Voting on PUDLs dictionary

Wayne Smith wayne at MRLANGUAGE.COM
Fri Mar 26 23:36:19 UTC 2004

Bill -
     Well thought-out listing of what a good dictionary should include.
I'll be referring to it as I put my TSL dictionary together.  Footnote:
"entymology" is the study of bugs.  You mean "etymology", no?
      - Wayne

----- Original Message -----
From: "Bill Reese" <wreese01 at TAMPABAY.RR.COM>
Sent: Friday, March 26, 2004 2:18 PM
Subject: Re: Voting on PUDLs dictionary

> Stephen,
> Don't let the following discourage you.  :-)
> It's a "wish list" of what a dictionary could be - with the aim at
> enhancing the literacy of the one using the dictionary.
> 1. "Me help you" seems more like a "Usage" rather than a "Definition".
> Perhaps a separate field could be created for Usage.
> 2. We could have a "Pronunciation" listing which could use the special
> symbols Val has created to aid in forming a sign.
> 3. "(Verb)" is a "Parts of Speech" item and could be a separate
> listing.  Some signs may be nouns and verbs and a separate entry could
> be used for both.  Then there are signs used as pronouns, adjectives,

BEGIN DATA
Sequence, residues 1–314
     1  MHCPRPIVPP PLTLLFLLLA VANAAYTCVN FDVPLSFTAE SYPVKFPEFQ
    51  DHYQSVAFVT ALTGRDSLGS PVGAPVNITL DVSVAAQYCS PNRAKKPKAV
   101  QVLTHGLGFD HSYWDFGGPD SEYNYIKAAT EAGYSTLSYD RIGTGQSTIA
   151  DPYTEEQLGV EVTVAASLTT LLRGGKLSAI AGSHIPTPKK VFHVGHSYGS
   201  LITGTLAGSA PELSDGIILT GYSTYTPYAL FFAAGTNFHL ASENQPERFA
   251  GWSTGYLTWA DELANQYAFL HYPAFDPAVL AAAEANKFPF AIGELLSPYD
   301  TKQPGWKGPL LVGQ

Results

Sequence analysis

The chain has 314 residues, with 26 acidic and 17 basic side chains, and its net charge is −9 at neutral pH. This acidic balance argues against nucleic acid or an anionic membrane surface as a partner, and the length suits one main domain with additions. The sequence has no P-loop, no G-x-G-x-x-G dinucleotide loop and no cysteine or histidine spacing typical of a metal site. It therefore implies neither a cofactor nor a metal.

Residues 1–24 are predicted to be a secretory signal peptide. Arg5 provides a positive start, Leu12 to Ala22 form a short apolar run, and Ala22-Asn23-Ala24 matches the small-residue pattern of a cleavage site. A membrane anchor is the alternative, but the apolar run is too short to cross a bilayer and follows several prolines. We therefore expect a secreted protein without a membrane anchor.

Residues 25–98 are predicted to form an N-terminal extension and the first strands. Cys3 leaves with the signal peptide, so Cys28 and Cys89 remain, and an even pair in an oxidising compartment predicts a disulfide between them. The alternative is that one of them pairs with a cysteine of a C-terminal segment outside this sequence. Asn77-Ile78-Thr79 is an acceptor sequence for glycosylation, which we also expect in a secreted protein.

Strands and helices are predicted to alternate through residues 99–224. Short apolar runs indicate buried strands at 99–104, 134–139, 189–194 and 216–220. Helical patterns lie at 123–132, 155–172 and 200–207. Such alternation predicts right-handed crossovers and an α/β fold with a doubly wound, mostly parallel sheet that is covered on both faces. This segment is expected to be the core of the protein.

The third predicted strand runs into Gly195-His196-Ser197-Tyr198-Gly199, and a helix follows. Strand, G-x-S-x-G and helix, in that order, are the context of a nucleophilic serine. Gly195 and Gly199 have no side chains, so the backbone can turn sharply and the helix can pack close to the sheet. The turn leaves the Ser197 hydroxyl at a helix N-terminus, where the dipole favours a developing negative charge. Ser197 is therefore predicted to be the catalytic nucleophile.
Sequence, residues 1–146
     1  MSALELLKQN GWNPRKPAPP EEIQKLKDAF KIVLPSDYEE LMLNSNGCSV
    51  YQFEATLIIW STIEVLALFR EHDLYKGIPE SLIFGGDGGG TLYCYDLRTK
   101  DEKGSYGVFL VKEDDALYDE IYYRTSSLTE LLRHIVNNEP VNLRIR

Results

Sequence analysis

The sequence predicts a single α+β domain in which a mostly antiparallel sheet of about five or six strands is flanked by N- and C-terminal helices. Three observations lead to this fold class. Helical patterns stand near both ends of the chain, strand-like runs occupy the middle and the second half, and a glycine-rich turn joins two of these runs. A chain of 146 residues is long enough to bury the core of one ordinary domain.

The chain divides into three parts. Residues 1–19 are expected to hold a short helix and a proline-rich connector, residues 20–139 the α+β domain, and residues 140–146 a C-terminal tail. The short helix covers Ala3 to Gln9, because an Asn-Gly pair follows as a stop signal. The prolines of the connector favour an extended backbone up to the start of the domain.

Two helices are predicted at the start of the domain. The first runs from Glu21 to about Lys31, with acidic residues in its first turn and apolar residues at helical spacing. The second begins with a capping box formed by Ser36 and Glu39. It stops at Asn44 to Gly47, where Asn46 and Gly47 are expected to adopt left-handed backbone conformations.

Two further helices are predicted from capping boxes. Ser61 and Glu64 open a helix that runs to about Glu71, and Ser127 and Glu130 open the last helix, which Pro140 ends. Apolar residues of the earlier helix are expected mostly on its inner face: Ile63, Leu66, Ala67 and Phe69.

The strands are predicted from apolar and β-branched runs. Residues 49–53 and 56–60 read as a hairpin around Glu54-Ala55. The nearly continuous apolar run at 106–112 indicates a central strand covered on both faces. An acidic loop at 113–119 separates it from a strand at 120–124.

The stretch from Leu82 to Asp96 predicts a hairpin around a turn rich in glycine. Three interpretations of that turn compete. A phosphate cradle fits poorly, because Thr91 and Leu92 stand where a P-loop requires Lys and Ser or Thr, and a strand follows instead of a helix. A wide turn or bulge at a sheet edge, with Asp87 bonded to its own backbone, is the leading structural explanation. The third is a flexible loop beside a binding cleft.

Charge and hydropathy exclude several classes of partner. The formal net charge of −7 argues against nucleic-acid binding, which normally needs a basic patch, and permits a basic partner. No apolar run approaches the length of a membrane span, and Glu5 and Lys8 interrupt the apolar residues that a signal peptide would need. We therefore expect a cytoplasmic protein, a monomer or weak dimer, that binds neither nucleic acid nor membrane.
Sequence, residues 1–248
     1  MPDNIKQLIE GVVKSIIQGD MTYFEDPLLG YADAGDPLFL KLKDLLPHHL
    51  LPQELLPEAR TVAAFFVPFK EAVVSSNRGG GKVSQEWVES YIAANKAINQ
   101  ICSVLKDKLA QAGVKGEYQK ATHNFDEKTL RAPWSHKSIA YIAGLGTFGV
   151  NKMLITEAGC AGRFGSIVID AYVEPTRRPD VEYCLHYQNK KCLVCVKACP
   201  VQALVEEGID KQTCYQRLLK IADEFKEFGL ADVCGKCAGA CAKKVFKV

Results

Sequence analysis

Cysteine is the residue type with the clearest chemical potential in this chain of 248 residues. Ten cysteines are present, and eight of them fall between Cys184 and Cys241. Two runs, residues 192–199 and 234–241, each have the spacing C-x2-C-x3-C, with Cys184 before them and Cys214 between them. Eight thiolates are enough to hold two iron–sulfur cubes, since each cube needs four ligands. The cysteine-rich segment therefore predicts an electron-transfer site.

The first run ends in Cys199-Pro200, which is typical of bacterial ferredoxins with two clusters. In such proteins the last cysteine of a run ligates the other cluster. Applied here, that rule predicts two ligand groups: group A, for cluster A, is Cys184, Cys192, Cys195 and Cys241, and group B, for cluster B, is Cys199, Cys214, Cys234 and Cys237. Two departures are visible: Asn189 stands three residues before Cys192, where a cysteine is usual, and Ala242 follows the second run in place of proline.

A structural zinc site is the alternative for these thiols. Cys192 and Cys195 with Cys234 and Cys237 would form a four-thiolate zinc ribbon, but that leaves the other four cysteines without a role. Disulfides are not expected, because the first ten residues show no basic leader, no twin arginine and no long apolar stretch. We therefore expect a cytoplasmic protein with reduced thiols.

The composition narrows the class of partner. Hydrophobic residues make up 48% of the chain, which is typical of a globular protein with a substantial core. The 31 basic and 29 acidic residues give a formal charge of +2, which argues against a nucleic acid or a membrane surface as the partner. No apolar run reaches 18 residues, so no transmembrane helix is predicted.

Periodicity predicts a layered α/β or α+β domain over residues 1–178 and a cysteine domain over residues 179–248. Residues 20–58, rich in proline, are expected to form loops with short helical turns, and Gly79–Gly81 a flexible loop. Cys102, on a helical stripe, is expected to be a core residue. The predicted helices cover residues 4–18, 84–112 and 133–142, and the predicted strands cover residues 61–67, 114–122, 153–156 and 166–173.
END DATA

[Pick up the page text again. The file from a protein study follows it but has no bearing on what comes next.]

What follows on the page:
> adverbs, prepositions, or conjunctions.
> 4.  Then there are Inflected Forms.  For instance, when we sign "you" or
> "me" using the index finger and pointing, we are using the same basic
> handshape.  But when we make the plural sign "us" we use a different
> sign altogether.  This is an inflected form.  I'm not sure if signing
> "before" or "future" before or after a verb sign (such as "come") would
> constitute an inflected form of the main entry ("come") but it would be
> interesting to explore this possibility.  Whatever, the idea is that we
> could have an entry for inflected forms.
> 5. Of course, Definitions would be just that and we could list them
> according to which ones are most frequently used with the most
> frequently used definition first.  That could be a voting item.  And how
> do we define ASL?  With English gloss, with ASL, or both?  :-)
> 6. We could have Restrictive Labels.
> This could be something that is "Slang" or "Informal."
> It could  include "Illiterate" forms of a sign (like home signs) and
> "Dialectal" forms (signs that are used in a certain area - like "New
> York" or "Boston").
> Some signs could be listed which are "Archaic" or "Obsolete," such as
> the old signs for "China", "Japan" and "Russia", which were changed to
> be more politically correct.  The old signs could still be listed but
> labeled as "Obsolete."  And there are many signs that are said to be
> used by the "older signers" and their use may be deemed "Archaic."
> We could have some Locality Labels as well, which may indicate the
> country of use.  For instance, ASL may be used outside of the U.S. and
> there may be an ASL sign in that other locality that would be different
> than the one used in the U.S.
> Field Labels could identify signs that are used in a certain field of
> endeaver, such as "Chemistry" or "Biology."